JAKARTA (Reuters) - Final results from Indonesia's legislative election confirmed on Friday that the main opposition party had won, but failed to secure enough votes to put forward its presidential candidate Joko "Jokowi" Widodo without a coalition.
The Indonesian Democratic Party of Struggle (PDI-P) won 18.9 percent in last month's voting, the election commission said, short of the 25 percent threshold needed to allow the hugely popular Jakarta governor to run as president on July 9.
PDI-P's failure to secure a decisive victory has led to some concern in financial markets that Southeast Asia's biggest economy is in for a period of political horse-trading. Both stocks and the rupiah have lost ground since the vote.
However, PDI-P has quickly found a coalition partner, making Jokowi the only candidate so far able to meet the threshold, while other political parties have bickered with each other.
Shortly after the election results were announced, the small National Democrat (NasDem) party, which won 6.7 percent, reaffirmed that it was backing PDI-P and Jokowi.
"We have already announced our coalition with PDI-P and ... with the official results, we confirm our alliance with PDI-P," NasDem party executive Ferry Baldan told Reuters.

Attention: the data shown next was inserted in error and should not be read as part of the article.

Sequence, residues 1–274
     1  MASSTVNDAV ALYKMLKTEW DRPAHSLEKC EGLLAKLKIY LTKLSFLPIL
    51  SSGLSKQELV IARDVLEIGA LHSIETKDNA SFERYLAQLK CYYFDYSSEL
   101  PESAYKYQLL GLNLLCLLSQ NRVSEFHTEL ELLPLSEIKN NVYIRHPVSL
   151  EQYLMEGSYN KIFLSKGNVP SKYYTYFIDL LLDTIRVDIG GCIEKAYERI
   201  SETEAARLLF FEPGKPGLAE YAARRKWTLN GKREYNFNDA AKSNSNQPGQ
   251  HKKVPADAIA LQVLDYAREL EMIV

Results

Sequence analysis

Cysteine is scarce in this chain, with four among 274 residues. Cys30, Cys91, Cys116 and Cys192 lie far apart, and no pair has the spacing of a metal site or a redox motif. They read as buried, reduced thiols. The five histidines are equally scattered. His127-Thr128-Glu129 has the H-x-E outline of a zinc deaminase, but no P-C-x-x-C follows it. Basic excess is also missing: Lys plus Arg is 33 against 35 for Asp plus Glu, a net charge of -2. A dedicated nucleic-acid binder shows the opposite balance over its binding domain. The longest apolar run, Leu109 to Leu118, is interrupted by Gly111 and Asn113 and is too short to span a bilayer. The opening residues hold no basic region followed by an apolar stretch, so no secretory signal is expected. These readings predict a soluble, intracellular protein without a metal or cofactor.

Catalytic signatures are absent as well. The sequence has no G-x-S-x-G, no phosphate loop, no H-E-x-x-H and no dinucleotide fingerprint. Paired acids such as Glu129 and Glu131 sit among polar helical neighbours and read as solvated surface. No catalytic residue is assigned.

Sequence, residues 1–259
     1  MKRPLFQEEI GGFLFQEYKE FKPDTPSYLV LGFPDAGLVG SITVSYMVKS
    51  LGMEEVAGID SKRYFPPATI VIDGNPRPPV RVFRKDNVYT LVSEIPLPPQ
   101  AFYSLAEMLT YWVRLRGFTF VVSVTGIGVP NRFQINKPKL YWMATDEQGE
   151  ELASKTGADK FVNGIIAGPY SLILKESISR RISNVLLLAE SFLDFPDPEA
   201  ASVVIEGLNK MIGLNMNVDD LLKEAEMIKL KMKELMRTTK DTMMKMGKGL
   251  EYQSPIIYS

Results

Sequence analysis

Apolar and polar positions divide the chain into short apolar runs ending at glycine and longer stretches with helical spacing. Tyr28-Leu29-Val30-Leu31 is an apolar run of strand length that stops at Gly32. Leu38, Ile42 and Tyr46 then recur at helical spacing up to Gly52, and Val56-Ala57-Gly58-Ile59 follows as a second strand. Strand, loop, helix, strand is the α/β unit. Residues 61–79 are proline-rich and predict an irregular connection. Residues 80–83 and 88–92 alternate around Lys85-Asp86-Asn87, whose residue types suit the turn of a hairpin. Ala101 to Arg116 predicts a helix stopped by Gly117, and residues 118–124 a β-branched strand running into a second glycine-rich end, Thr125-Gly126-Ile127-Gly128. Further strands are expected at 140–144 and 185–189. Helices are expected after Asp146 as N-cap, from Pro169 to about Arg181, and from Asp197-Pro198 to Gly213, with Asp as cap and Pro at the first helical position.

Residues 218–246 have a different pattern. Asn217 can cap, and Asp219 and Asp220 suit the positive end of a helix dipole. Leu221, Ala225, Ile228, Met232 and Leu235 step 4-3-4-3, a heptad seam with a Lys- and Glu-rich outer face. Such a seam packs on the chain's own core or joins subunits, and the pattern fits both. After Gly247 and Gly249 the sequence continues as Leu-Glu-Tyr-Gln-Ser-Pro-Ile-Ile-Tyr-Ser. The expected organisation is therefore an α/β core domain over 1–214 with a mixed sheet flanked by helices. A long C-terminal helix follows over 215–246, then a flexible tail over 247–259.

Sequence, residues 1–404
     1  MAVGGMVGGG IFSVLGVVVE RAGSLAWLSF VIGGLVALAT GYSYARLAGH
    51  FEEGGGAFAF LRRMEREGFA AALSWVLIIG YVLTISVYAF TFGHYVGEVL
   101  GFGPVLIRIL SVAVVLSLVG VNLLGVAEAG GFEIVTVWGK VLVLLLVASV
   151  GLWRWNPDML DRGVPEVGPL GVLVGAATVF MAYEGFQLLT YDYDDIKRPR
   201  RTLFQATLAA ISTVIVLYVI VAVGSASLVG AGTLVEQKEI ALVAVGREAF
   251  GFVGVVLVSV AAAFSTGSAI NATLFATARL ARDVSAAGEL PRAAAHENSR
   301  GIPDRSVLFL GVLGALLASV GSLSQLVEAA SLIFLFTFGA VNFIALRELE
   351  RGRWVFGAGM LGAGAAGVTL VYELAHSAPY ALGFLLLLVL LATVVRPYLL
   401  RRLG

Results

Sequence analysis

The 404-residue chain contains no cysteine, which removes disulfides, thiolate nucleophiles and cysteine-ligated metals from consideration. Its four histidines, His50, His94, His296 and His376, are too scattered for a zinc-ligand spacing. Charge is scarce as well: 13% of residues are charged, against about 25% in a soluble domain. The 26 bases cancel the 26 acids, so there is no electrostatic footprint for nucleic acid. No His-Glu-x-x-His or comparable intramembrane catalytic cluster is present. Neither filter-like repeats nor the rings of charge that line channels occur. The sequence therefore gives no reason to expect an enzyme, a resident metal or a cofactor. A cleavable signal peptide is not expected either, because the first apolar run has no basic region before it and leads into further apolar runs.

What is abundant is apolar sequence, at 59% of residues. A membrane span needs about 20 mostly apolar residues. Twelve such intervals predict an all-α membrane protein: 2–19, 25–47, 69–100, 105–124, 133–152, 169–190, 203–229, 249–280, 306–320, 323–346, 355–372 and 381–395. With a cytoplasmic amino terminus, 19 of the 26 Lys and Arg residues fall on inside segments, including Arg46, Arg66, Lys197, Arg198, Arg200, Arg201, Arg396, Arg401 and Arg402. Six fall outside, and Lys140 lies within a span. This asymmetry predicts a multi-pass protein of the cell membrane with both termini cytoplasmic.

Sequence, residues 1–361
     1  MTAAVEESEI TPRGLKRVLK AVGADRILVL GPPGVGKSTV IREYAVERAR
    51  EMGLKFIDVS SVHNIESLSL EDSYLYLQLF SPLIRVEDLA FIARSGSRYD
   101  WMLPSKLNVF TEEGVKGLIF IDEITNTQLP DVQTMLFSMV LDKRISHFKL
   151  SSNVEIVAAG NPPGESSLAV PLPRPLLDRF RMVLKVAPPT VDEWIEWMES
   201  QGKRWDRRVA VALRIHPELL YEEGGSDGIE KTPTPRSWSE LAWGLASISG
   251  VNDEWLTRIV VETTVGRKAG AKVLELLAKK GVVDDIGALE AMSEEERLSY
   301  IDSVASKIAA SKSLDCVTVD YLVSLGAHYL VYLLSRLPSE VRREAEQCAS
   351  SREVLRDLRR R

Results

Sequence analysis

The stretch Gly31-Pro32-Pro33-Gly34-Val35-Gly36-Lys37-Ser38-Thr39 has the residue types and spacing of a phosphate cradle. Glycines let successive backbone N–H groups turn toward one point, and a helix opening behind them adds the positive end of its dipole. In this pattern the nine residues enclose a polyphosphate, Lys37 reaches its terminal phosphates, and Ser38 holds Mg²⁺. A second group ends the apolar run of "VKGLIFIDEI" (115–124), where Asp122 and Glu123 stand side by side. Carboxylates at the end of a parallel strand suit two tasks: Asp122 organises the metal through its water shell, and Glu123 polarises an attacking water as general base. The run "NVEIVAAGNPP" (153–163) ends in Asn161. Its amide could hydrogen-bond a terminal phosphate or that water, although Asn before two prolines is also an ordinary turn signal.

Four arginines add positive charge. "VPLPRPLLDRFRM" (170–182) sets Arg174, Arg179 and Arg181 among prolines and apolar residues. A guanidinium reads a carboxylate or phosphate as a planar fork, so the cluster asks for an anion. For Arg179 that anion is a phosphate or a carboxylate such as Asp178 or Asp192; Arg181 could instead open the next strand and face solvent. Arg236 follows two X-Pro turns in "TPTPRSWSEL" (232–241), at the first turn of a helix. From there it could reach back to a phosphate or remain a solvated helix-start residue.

Jokowi is expected to name his vice presidential candidate soon. Several names are in the fray, including that of the popular former vice-president Jusuf Kalla.
Candidates and their running mates must be registered by May 18. If no candidate wins a simple majority, there will be a second round in September.
PDI-P's closest rivals were Golkar, once the parliamentary vehicle of the long-serving Suharto, on 14.8 percent, and Gerindra, led by ex-general Prabowo Subianto, with 11.8 percent.
The two parties have met to discuss the potential for a coalition but have not come to any agreement. Prabowo is running a distant second to Jokowi in opinion polls, but will also need the support of at least one other party to be able to run.
Friday's results also confirmed the sharp decline of President Susilo Bambang Yudhoyono's Democratic Party, following a series of graft cases last year. Yudhoyono must step down this year after serving two terms.
His party's share of the vote fell to only 10.2 percent from above 20 percent in the previous election.
The final results were largely in line with preliminary counts announced within hours of last month's vote.
Writing by Randy Fabi; Editing by Kevin Liffey